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Posted by laurat88
Tue, Apr 9, 13 at 10:17
|We are remodeling and adding space to our basic ranch home. The part being remodeled includes an open floor plan living/dining room kitchen and family room. The bedroom wing is separated by a glass pocket door from the main living space. The new space has an updated more contemporary feel but still carries the straight lines of the ranch. We kept the same style oak floors throughout the house but I don't like the old stain because it is quite yellow and maybe too dark for the new fresh space. There floors are all continuous meaning there are no reducers. The only separation from new to old is the pocket door. How odd would it be to have a different floor stain? For that matter, the base and casings are different from old to new as well but for some reason that doesn't bother me because the space feels different with a different purpose. I suppose that is easy enough to change at some point but doesn't feel critical. The floors - well, I'm not sure if they should all match. Thoughts?|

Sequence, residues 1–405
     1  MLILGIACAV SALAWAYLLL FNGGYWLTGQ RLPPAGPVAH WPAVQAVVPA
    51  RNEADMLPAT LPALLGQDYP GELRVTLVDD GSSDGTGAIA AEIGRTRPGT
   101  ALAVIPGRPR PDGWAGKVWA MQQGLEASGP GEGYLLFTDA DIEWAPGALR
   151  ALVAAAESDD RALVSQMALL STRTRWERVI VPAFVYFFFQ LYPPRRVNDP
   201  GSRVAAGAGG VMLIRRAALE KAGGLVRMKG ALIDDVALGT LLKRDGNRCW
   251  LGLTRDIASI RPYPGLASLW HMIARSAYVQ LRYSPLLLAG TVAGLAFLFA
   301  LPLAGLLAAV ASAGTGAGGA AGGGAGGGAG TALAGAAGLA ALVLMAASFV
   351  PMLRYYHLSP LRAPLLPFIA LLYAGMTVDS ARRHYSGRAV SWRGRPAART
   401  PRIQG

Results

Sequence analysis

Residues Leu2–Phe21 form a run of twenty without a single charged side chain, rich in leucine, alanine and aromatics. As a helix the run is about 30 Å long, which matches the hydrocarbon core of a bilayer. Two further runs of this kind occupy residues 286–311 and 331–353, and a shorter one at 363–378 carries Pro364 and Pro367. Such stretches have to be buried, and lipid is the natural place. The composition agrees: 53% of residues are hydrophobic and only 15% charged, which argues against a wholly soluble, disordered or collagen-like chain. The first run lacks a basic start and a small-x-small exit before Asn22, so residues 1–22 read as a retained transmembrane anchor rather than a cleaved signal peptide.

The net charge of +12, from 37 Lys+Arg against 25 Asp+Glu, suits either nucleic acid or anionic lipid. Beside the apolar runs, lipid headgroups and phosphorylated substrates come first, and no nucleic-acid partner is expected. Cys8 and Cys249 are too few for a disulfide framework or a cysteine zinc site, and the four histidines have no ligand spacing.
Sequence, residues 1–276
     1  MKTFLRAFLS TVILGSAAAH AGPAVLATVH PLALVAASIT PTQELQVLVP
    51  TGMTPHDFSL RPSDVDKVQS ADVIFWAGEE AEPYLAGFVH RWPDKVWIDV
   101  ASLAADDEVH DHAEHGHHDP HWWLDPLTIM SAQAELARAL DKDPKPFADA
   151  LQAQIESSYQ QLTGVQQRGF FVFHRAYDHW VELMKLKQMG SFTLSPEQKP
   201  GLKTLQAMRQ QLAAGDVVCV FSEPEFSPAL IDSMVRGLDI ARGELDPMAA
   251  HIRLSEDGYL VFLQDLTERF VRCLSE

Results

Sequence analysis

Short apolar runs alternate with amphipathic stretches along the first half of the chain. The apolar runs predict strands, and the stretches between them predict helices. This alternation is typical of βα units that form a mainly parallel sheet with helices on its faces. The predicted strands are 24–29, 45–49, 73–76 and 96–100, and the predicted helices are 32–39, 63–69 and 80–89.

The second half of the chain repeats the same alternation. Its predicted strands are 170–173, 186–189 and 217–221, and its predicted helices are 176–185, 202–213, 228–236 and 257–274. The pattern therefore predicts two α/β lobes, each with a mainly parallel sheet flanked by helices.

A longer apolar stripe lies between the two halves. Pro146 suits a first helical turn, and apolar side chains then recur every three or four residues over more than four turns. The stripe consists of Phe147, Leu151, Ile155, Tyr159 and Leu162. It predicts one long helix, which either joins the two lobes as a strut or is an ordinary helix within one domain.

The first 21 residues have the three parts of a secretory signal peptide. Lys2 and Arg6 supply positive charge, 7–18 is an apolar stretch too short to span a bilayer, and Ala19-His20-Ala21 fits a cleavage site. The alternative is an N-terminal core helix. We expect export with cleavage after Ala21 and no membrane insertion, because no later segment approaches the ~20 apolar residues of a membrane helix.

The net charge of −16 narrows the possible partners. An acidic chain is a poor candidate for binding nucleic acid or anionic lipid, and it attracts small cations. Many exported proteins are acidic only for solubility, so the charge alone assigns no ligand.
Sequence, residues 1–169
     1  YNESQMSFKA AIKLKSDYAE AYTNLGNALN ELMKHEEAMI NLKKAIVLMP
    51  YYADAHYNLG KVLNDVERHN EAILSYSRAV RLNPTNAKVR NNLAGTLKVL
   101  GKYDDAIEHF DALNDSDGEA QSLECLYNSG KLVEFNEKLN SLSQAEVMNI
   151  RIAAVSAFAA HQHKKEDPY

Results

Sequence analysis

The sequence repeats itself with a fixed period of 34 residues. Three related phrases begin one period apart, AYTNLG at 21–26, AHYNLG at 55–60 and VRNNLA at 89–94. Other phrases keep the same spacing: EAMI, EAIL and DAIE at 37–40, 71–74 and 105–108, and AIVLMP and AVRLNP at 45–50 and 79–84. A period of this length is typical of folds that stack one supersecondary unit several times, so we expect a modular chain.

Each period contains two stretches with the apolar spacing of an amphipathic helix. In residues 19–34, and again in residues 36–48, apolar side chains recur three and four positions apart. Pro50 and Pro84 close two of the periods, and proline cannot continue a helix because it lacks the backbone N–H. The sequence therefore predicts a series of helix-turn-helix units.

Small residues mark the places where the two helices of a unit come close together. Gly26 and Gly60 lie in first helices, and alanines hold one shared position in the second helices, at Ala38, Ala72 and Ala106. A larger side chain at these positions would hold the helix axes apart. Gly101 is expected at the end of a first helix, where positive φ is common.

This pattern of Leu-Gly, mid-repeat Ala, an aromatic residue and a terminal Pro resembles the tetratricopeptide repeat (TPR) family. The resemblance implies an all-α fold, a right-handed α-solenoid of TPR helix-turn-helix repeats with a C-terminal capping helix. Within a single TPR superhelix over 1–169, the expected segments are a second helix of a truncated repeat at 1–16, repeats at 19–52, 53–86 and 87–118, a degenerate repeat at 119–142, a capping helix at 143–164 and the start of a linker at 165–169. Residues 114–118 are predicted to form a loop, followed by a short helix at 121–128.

|How difficult would it be for you to refinish the old floors and match them all? |
My feeling is that in this case they should match, but I would not want to match the new to a floor I didn't like.
|There are several people here who have nonmatching wood floors.|
|It would be a big job to match everything. The entire house is hardwood. This is the tricky thing with remodels. Match new to old (doesn't seem to make sense) or match old to new (costly). |
I suppose the right approach is to update the old -,maybe at some point in the future. It would be a big job as the entire house is wood. So that would mean moving out of the bedrooms (3 kids bedrooms and master bed about 1000sqft total with hallways). I guess at that point we would update all the casings and finishes to match the new. Then there are furnishings. This little addition is turning into a never ending remodel. Exactly what I was hoping to avoid :(